Cecilia Alemani, curator of the art on the High Line, also pointed out the nice irony of installing this particular work beside a park which, on nice days, has come to be as crowded as any freeway.
Art credit: photo by Timothy Schenck, courtesy Friends of the High Line
ZoomInfo
Camera

Nikon D600

ISO

400

Aperture

f/7.1

Exposure

1/200th

Focal Length

24mm

blakegopnik:

THE DAILY PIC:  This is a piece by Ed Ruscha recently installed beside the High Line park in New York – the first Ruscha painting, I am told, installed as a mural outside. So much of Ruscha’s work has always seemed to draw subjects and visuals from the streets around him, so it’s great to see that imagery reinserted into its native habitat. It’s almost possible to imagine a new Ruscha that appropriates parts of this mural, as a (very) assisted readymade.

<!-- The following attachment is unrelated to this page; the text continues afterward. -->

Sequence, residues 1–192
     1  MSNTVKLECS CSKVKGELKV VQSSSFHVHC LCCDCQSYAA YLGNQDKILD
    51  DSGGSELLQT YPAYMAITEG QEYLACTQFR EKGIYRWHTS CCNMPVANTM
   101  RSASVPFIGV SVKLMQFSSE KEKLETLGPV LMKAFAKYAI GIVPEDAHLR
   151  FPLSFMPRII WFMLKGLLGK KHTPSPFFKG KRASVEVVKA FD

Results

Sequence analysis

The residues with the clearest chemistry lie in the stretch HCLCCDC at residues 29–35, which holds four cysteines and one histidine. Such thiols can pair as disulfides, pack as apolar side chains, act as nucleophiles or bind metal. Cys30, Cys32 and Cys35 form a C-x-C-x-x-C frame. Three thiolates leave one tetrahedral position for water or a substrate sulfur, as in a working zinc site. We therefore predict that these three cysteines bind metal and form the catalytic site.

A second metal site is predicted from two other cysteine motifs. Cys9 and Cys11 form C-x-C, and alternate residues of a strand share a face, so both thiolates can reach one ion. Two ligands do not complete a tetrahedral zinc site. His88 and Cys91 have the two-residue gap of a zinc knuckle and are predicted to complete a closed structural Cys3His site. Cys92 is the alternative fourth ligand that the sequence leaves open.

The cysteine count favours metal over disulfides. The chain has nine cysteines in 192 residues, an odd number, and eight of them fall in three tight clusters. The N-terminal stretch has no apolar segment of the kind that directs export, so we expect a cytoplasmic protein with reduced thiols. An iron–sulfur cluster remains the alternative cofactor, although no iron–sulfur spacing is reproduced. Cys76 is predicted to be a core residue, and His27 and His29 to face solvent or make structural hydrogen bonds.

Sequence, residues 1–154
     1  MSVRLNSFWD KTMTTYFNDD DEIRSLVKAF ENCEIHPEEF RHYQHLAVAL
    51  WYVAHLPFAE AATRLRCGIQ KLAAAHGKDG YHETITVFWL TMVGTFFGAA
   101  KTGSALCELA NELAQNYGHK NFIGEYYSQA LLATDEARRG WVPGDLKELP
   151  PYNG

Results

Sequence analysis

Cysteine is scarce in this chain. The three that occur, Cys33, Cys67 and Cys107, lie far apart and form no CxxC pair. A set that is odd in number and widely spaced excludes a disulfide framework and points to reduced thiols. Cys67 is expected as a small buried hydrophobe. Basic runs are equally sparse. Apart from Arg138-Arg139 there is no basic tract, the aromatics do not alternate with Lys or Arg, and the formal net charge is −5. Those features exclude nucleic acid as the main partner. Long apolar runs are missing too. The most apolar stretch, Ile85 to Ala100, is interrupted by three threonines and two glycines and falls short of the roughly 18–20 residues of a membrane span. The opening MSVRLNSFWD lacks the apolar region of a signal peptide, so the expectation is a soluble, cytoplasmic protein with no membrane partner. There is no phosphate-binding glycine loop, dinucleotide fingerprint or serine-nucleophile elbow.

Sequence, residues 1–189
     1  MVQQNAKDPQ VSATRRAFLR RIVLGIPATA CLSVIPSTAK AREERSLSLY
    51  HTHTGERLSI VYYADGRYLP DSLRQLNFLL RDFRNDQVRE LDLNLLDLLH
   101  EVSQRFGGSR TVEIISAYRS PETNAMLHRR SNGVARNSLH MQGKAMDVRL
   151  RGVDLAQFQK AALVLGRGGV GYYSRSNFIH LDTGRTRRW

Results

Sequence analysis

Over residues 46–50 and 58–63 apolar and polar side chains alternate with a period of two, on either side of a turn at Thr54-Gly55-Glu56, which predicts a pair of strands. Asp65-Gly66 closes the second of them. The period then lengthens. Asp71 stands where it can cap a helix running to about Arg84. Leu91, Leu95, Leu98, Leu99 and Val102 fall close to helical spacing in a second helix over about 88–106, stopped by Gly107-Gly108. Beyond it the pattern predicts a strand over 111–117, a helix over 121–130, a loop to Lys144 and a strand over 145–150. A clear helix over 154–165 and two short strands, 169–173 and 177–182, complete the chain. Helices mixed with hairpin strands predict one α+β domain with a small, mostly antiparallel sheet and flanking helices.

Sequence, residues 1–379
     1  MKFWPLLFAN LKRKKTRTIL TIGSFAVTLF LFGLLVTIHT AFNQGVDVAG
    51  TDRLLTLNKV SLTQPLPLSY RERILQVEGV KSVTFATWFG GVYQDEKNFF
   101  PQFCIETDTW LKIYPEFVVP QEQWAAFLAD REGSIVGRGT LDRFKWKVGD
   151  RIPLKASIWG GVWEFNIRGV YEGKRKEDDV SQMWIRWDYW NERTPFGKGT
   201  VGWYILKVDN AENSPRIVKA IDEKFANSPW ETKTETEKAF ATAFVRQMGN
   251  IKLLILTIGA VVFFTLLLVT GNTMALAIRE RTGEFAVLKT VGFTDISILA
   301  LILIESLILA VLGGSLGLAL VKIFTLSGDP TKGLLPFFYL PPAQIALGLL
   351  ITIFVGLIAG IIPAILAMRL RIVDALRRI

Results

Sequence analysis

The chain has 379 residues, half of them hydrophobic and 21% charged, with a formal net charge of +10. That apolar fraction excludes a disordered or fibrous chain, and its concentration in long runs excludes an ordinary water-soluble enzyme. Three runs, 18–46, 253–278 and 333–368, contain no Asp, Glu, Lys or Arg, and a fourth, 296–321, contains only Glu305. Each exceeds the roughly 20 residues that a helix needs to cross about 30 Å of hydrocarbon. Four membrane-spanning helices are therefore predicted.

Cecilia Alemani, curator of the art on the High Line, also pointed out the nice irony of installing this particular work beside a park which, on nice days, has come to be as crowded as any freeway.

Art credit: photo by Timothy Schenck, courtesy Friends of the High Line

(via wtfarthistory)